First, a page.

“Same old bed — same old mattress, I believe,” said Crandall, yawning. “Same old everything. Oh, but I’m lame! I’d no notion you chaps could play like this.” He caressed a battered shin. “You’ve given us all something to remember you by.”

It needed a few minutes to put them at their ease; and, in some way they could not understand, they were more easy when Crandall turned round and said his prayers — a ceremony he had neglected for some years.

“Oh, I am sorry. I’ve forgotten to put out the gas.”

“Please don’t bother,” said the prefect of the dormitory. “Worthington does that.”

A nightgowned twelve-year-old, who had been waiting to show off, leaped from his bed to the bracket and back again, by way of a washstand.

“How d’you manage when he’s asleep?” said Crandall, chuckling.

“Shove a cold cleek down his neck.”

“It was a wet sponge when I was junior in the dormitory . . . Hullo! What’s happening?”

The darkness had filled with whispers, the sound of trailing rugs, bare feet on bare boards, protests, giggles, and threats such as:

“Be quiet, you ass! . . . Squattez-vous on the floor, then! . . . I swear you aren’t going to sit on my bed! . . . Mind the tooth-glass,” etc.

“Sta — Corkran said,” the prefect began, his tone showing his sense of Stalky’s insolence, “that perhaps you’d tell us about that business with Duncan’s body.”

“Yes — yes — yes,” ran the keen whispers. “Tell us”

“There’s nothing to tell. What on earth are you chaps hoppin’ about in the cold for?”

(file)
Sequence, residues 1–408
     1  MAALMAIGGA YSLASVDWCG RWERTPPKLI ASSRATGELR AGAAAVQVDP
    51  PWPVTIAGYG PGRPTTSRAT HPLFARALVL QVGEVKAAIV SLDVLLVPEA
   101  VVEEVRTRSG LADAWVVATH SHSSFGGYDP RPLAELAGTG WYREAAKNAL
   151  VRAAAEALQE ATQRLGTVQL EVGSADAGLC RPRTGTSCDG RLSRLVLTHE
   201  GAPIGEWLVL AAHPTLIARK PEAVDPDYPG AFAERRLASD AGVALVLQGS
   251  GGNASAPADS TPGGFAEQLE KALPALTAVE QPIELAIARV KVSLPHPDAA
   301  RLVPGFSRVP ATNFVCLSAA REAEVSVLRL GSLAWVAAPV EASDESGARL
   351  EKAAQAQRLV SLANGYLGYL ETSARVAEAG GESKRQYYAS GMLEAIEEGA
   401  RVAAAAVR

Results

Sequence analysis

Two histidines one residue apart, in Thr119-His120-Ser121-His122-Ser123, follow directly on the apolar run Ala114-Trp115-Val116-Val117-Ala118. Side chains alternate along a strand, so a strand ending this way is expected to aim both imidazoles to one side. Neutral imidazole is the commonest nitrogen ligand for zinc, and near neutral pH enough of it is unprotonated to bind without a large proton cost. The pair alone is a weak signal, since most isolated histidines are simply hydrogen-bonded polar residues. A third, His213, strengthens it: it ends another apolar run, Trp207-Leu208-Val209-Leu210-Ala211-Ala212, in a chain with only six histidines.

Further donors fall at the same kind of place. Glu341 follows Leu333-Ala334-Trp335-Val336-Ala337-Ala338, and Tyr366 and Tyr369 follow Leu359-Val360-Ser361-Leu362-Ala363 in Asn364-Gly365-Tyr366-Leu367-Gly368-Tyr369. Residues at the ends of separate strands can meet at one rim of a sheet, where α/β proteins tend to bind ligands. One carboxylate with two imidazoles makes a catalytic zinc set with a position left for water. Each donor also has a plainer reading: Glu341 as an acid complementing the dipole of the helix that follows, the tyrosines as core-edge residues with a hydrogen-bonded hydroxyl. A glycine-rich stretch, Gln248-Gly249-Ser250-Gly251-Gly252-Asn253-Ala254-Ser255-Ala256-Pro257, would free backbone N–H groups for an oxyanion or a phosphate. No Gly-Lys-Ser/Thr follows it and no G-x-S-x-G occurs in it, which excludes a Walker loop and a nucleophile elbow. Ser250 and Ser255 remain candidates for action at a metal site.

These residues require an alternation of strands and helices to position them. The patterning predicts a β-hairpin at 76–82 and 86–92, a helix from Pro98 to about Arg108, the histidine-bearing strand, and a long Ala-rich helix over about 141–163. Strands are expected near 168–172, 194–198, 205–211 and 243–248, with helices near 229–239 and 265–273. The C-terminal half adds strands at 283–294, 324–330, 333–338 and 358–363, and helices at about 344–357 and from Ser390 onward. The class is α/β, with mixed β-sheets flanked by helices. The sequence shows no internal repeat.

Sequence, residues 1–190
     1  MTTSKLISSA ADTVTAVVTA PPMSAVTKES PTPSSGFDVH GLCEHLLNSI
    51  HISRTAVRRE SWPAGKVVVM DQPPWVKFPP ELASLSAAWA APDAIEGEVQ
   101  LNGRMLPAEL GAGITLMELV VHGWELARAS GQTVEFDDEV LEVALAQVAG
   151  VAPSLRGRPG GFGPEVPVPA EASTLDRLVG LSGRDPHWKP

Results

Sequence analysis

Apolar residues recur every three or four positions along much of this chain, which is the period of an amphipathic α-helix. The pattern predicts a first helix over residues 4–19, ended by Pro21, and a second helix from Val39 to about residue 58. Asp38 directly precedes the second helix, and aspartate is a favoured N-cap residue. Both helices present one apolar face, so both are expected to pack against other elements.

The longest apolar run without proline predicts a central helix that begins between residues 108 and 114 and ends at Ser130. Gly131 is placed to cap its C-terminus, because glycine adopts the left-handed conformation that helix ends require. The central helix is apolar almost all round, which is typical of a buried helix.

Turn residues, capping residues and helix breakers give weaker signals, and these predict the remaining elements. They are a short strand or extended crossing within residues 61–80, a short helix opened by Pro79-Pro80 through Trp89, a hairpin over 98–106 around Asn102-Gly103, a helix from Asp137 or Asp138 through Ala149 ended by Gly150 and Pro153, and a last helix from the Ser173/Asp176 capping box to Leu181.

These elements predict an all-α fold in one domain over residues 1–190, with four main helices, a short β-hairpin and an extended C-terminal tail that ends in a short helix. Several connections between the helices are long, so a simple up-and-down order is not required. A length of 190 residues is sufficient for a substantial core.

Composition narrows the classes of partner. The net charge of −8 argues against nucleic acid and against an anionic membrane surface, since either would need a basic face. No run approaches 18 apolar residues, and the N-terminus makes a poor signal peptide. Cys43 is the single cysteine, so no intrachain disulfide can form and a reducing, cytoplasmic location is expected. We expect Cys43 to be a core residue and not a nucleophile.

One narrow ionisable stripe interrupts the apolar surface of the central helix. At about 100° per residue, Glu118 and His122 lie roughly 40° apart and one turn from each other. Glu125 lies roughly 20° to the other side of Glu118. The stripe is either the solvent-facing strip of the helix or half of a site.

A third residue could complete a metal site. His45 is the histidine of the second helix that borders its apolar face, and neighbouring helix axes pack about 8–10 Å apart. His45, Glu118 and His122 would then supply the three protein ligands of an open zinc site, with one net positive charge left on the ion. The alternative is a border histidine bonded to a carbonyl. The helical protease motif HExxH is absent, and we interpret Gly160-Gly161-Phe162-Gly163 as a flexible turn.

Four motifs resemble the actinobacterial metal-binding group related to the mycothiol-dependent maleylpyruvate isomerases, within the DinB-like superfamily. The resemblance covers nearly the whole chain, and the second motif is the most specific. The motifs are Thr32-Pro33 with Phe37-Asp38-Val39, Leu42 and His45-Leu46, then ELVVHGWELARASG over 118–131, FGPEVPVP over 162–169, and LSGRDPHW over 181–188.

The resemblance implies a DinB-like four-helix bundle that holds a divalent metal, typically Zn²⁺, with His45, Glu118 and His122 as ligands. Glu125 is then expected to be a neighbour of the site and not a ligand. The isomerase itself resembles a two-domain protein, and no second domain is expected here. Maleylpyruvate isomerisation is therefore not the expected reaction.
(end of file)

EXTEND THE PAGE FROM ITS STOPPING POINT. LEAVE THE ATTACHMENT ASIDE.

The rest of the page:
“Never mind us,” said the voices. “Tell about Fat–Sow.”

So Crandall turned on his pillow and spoke to the generation he could not see.

“Well, about three months ago he was commanding a treasure-guard — a cart full of rupees to pay troops with — five thousand rupees in silver. He was comin’ to a place called Fort Pearson, near Kalabagh.”

“I was born there,” squeaked a small fag. “It was called after my uncle.”

“Shut up — you and your uncle! Never mind him, Crandall.”

“Well, ne’er mind. The Afridis found out that this treasure was on the move, and they ambushed the whole show a couple of miles before he got to the fort, and cut up the escort. Duncan was wounded, and the escort hooked it. There weren’t more than twenty Sepoys all told, and there were any amount of Afridis. As things turned out, I was in charge at Fort Pearson. Fact was, I’d heard the firing and was just going to see about it, when Duncan’s men came up. So we all turned back together. They told me something about an officer, but I couldn’t get the hang of things till I saw a chap under the wheels of the cart out in the open, propped up on one arm, blazing away with a revolver. You see, the escort had abandoned the cart, and the Afridis — they’re an awfully suspicious gang — thought the retreat was a trap — sort of draw, you know — and the cart was the bait. So they had left poor old Duncan alone. ‘Minute they spotted how few we were, it was a race across the flat who should reach old Duncan first. We ran, and they ran, and we won, and after a little hackin’ about they pulled off. I never knew it was one of us till I was right on top of him. There are heaps of Duncans in the service, and of course the name didn’t remind me. He wasn’t changed at all hardly. He’d been shot through the lungs, poor old man, and he was pretty thirsty. I gave him a drink and sat down beside him, and — funny thing, too — he said, ‘Hullo, Toffee!’ and I said, ‘Hullo, Fat–Sow! hope you aren’t hurt,’ or something of the kind. But he died in a minute or two — never lifted his head off my knees . . . I say, you chaps out there will get your death of cold. Better go to bed.”